what are 3 things antibodies can do after they are released into the humor (body fluid)
tag corresponding antigen for phagocytosis; coat the antigen in antibodies; activate the complement system
what is the shape/composition of an antibody (immunoglobulin)
Y-shaped, consisting of a light chain and a heavy chain linked through disulfide bonds
describe the function of the constant region on an antibody/immunoglobulin:
leads to the development of 5 major antibody/immunoglbulin classes

(IgM; IgA; IgE; IgD; IgG)
describe the function of the variable region on an antibody/immunoglobulin:
different amino acid sequence for different antigen binding
5 classes of antibodies (immunoglobulins)
(Me And Eve Don't Go)

IgM
IgA
IgE
IgD
IgG
IgM is a _____, and it is the _____ antibody
pentamer; largest
_____ is the 1st immunoglobulin made in response to an antigen
IgM
IgM activates the _____ (innate immunity)
complement system

(IgG also activates the complement system of innate immunity)
_____ is a dimer that is abundant in body secretions
IgA
IgA provides _____ immunity to newborns (breastmilk)
passive
IgA stops pathogens _____ before they enter circulation
externally
_____ is a monomer found on Basophils (Bananas) and mast cells
IgE
IgE is involved with _____ reaction
allergic
_____ is a monomer that is a part of the B cell receptor, and it activates Basophils (Bananas) and mast cells
IgD
what is the most abundant antibody in circulation?
IgG
IgG is a monomer, and it is the only immunoglobulin capable of _____ to provide _____ immunity
crossing the placenta; fetal passive
_____ works with _____ to trigger the complement system
IgG; IgM
_____ B cells have a long life, and they do not release antibodies
memory
memory B cells are the key to _____ because they have antigen memory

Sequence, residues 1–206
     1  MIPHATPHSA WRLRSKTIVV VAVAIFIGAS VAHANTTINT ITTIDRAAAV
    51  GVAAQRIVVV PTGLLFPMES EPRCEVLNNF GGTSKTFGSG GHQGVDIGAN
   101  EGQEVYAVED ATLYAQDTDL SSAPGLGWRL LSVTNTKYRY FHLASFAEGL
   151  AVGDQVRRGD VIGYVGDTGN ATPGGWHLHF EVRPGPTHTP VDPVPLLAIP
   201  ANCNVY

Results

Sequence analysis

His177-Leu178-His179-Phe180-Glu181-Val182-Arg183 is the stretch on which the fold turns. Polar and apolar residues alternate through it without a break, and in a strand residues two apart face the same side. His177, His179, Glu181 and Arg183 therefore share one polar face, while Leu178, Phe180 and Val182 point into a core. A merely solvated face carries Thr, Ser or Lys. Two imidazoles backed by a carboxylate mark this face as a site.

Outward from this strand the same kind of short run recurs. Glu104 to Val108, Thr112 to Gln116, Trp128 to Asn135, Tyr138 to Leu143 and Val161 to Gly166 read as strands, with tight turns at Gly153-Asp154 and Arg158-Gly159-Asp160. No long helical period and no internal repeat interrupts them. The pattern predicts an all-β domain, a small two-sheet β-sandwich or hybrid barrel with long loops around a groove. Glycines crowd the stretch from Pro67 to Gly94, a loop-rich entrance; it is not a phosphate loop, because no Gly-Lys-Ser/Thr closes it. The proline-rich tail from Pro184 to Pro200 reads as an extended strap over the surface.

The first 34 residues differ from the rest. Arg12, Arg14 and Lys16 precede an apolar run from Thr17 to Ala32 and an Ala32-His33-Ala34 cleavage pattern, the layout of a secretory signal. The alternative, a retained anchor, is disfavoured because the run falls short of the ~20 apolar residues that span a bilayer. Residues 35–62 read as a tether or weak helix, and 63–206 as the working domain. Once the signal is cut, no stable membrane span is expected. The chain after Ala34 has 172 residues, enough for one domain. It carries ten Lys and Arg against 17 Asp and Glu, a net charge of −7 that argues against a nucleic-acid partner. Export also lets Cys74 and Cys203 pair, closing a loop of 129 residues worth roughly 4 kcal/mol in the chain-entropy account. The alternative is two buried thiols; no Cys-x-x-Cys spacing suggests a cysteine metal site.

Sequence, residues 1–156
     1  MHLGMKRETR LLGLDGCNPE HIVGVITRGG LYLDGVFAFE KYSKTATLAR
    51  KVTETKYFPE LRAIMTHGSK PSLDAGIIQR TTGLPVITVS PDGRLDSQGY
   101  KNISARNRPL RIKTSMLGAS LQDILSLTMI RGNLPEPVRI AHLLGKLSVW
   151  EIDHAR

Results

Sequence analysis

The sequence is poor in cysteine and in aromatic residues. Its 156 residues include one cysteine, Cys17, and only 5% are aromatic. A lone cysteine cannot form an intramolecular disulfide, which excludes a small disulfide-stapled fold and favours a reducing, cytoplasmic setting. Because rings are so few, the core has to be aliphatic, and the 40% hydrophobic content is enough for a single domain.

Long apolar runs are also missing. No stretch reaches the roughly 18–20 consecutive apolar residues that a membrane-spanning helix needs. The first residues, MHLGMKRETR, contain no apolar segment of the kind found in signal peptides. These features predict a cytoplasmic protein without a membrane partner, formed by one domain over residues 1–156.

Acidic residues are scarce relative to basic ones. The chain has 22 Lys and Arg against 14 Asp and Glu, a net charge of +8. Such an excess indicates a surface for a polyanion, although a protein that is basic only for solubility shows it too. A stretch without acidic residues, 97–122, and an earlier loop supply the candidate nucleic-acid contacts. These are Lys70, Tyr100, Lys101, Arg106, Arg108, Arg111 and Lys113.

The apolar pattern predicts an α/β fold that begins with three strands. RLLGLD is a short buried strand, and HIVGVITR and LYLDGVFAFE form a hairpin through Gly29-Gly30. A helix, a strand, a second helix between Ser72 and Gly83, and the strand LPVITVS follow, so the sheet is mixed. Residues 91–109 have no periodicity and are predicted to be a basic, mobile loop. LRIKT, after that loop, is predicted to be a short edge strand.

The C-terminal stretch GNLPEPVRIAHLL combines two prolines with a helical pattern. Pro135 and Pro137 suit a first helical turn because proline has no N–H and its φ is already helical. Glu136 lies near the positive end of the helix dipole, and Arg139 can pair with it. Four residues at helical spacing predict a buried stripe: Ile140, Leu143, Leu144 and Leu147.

vaccinations
_____ are involved with cell-mediated adaptive immunity
T cells
T cells experience _____ because they have T cell receptors (TCRs) that are unique for specific antigens, much like B cells
clonal selection
T cell receptors (TCR)
binds to only one kind of antigen;
_____ release antibodies to attack pathogens, _____ attack patogens themselves after they are activated
B cells; T cells
_____ can recognize free floating antigens, but _____ need an antigen presenting cell
B cells; T cells
what happens if an antigen is presented to a TCR by MHC I?
activation to CD8 T cells
what are some similarities of CD8 T cells and NK cells?
both are Lymphocytes (Let) that release perforin and granzymes
what are some differences of CD8 T cells and NK cells?
NK cells are innate Lymphocytes (Let), so they react fast and non-specifically

CD8 cells are adaptive Lymphocytes (Let), so they react sepcifically (and slower)
what happens if an antigen is presented to a TCR by MHC II?
activation to CD4 T cells
helper T cells (CD4) assist both innate and adaptive immunity by releasing _____ to ramp up the immune response
cytokines
_____ are formed after an initial exposure to MHC I/II, and they quickly proliferate upon re-exposure to an antigen
memory T cells
describe passive immunity:
ready-made antibodies are given to an organism, either naturally or artificially

(organism does not make their own)
describe active immunity:
an organism makes their own antibodies either naturally or artificially